Only five more days till the Wisconsin recall, and surprisingly—given Governor Scott Walker’s advantage thus far on the money and polling front—it looks like it’s going to be a tight match. But as exciting as the race will be, that doesn’t mean it’s time to crown it the Great Predictor of the 2012 Presidential Election. This isn’t a referendum on President Obama, and the petri dish of local politics on display in Wisconsin isn’t translatable to the national level in the way political journalists and commentators want it to be. However, there is one way the Wisconsin recall can be seen as the pre-party to November. If Democrat Tom Barrett squeaks out a victory, there’s a persuasive argument to be made that all the big money being funneled into conservative super PACs and groups by Mary Poppins-pocketed billionaires doesn't necessarily determine the outcome.
Democrats have been scared by the prospect of being outspent on races all across the board thanks to the heavy lifting of Karl Rove and Co., but if they can prevail in Wisconsin despite their contentious primary and the magnet-like qualities of Walker’s campaign chests, maybe superior organization and voter outreach can still trump super spending. If the opposite outcome occurs and Walker stays in office, Democrats will have to take the hint and up their game. Besides the Obama campaign, which has a physics-defying ability to raise unthinkable amounts of dough, Democratic fundraising on the super PAC and labor front has been ... pitiful. A Walker victory won't mean that Obama’s certain to lose, but it should prove a wake-up for all the slumbering bundlers and donors who have yet to give to 2012’s close races.
So They Say
"My God, this is right out of Breitbart's playbook. I love it! I swear to God, if he roller skates into the DNC convention, or hijacks an Obama press conference—if he does either one of those I’m going to give my kid’s college money to his super PAC.”
—Brad Thor, conservative novelist and Santorum supporter, responding to Romney's Solyndra presser
Daily Meme: The Jobs Numbers Cometh
- John Cassidy: "I hate to ruin your weekend, but let’s be honest: Mitt Romney now has a good chance of being the next President."
- James Pethokoukis: "The May jobs report was a complete and utter disaster for the economy and, perhaps, President Obama’s chances for reelection."
- Nate Silver: "The bad economic numbers over the past weeks are sapping Mr. Obama of the edge he might have had on Mitt Romney."
- Jon Chait: "Disaster is in the air, and some Americans are already skipping to the part where they feast upon human flesh."
- Barack Obama: “We will come back stronger; we do have better days ahead.”
- Mitt Romney: "This week has seen a cascade of one bad piece of economic news after another."
- Nancy Pelosi: "With today's jobs report, it's clear that we have work to do."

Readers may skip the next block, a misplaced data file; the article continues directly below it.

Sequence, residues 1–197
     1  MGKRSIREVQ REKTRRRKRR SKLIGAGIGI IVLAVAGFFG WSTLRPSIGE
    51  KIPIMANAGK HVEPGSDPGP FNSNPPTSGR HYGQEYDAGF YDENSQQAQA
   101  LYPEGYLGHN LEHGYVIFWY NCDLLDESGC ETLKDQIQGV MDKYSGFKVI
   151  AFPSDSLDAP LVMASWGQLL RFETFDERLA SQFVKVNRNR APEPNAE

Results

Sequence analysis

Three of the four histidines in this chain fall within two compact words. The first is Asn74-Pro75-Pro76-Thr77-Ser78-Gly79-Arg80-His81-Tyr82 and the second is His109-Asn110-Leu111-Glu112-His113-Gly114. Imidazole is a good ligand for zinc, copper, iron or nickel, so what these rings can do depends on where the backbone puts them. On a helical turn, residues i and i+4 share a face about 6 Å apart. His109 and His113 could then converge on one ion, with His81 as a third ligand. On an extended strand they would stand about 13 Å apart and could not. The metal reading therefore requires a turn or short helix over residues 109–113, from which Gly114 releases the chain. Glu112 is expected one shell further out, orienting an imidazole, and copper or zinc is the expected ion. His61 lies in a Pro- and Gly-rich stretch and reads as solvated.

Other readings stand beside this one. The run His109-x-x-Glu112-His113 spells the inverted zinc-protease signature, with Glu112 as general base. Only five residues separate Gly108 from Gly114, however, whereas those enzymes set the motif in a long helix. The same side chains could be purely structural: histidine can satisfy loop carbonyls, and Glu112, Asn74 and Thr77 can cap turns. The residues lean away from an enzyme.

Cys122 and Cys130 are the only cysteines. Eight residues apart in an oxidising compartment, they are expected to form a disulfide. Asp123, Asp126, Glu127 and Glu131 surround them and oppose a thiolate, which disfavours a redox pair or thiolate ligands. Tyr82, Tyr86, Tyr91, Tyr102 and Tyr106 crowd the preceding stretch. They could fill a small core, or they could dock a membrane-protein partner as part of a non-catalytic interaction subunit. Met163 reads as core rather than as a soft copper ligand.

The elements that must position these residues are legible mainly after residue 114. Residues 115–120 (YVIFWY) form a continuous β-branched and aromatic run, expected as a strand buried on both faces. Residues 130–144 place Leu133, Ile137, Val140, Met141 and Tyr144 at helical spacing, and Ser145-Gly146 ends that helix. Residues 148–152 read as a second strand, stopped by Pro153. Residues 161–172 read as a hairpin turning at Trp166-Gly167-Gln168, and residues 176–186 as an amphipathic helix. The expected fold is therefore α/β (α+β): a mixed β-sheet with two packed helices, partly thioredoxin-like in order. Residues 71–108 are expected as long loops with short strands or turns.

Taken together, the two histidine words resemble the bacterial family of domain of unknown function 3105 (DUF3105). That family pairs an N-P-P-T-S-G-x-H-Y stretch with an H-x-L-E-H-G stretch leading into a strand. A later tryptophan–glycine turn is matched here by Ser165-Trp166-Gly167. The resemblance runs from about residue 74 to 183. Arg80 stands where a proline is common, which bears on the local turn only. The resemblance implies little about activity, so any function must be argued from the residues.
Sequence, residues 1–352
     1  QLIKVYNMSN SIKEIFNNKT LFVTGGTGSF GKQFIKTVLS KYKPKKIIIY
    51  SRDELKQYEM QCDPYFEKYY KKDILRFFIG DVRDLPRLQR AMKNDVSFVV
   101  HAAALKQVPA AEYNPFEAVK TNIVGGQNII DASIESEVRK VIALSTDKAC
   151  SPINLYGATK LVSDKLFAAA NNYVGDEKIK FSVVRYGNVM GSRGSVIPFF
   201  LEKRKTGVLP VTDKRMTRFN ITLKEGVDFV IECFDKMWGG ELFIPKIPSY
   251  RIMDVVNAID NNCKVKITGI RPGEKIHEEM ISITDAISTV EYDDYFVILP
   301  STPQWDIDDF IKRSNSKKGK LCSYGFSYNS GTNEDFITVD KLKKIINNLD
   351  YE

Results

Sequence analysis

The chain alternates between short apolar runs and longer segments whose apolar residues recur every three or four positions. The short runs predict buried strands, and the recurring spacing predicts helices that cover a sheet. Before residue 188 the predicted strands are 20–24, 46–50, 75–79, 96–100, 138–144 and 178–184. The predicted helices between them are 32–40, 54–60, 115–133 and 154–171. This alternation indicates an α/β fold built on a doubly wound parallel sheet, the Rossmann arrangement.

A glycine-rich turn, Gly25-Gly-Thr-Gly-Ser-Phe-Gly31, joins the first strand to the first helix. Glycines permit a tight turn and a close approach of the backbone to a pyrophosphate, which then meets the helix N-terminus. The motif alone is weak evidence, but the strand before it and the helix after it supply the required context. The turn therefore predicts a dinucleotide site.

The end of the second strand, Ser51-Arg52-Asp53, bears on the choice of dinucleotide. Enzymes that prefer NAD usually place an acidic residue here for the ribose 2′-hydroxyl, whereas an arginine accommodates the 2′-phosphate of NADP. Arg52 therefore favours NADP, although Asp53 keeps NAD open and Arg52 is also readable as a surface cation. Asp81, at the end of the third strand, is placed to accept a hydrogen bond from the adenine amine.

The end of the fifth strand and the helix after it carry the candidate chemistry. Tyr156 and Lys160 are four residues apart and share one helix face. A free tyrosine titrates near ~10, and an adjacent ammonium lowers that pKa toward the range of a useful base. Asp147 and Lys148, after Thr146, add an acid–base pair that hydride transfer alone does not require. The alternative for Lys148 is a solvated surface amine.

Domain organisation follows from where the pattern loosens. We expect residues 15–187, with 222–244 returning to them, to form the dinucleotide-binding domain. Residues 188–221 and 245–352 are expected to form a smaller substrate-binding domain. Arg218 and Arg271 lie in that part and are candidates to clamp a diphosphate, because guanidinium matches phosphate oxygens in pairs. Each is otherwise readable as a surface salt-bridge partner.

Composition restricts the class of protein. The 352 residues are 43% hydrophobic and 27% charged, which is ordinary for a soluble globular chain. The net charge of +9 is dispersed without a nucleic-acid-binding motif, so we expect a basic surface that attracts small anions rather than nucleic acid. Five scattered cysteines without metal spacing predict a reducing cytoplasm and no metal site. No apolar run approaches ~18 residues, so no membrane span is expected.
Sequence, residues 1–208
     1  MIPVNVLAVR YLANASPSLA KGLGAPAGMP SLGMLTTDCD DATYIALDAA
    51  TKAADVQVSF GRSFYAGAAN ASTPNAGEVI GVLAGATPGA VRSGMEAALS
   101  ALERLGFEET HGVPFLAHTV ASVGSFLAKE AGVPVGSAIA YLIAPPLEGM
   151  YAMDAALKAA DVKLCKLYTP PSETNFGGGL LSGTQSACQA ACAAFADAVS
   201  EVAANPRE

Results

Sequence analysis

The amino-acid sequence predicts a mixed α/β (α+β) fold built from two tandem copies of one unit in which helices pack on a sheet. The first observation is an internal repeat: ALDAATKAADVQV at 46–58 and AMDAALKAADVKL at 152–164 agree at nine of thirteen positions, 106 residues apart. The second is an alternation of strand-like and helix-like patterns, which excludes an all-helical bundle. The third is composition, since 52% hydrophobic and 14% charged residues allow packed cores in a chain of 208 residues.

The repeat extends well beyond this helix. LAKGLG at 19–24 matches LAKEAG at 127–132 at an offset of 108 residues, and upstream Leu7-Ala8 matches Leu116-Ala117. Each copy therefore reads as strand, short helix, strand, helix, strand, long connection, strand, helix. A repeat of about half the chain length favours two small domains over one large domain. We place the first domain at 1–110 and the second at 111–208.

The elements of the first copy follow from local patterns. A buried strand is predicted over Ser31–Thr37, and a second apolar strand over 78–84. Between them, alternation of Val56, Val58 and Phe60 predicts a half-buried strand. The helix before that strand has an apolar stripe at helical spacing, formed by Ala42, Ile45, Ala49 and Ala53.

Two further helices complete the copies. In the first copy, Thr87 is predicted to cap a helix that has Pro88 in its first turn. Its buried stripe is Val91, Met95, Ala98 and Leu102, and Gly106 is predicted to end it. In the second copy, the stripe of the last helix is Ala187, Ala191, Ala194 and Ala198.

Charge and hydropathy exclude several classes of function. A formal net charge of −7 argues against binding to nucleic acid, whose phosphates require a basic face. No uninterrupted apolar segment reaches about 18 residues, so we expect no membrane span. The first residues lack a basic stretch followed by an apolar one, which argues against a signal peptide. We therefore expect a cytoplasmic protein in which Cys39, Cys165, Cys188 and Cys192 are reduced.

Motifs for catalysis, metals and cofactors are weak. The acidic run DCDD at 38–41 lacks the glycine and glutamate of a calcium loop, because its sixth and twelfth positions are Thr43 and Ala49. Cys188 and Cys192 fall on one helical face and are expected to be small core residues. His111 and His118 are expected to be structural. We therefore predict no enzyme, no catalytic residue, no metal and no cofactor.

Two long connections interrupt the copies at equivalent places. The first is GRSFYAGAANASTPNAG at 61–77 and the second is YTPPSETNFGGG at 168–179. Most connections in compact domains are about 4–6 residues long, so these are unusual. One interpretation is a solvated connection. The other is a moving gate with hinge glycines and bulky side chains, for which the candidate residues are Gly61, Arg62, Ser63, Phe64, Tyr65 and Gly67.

- Eric Cantor: "It’s time for us to own up here, the policies that have been coming out of this administration have not worked."
- Felix Salmon: "Obama is bizarrely reluctant to talk about anything which rhymes with 'stimulus.' As a result, the current dysfunction—and horribly weak jobs market —is likely to persist for far too long."
- Kevin Roose: "If you're not a CNBC pundit or a Beltway gabber, the most depressing thing in the report has to be that 300,000 net people joined the ranks of the long-term unemployed."
What We're Writing
- Abby Rapoport reports that things are looking better in the fight to recall Wisconsin Governor Scott Walker.
- Jamelle Bouie covers the implications of today's jobs report for the Obama and Romney campaigns.
What We're Reading
- Conor Friedersdorf writes that we've always talked too much about Obama's biography.
- John Cassidy grades Obama against the Bush legacy.
- The Economist looks at where the race stands in the swing states.
- Businessweek follows some long-term unemployed people as they take the hard slog back to the workplace.
- Amie Parnes reports on the Obama campaign's efforts to scare rich liberals into action on the fundraising front.
- Although he'll never have the chance to savor it, Romney has a delectable-looking cocktail named in his honor.
Poll of the Day
While today's jobs report was a letdown, Gallup released poll data indicating that consumers have continued to be spending at higher-than-average rates. May was the third month in a row that consumers reported spending more than $70 per day on average; the only other time since the economic downturn when spending has been so elevated was the 2011 holiday season. If the political scientists are right that growth in disposable income is one of the most important factors in elections, the fact that consumers are feeling flush might provide some solace to despairing incumbents around the country.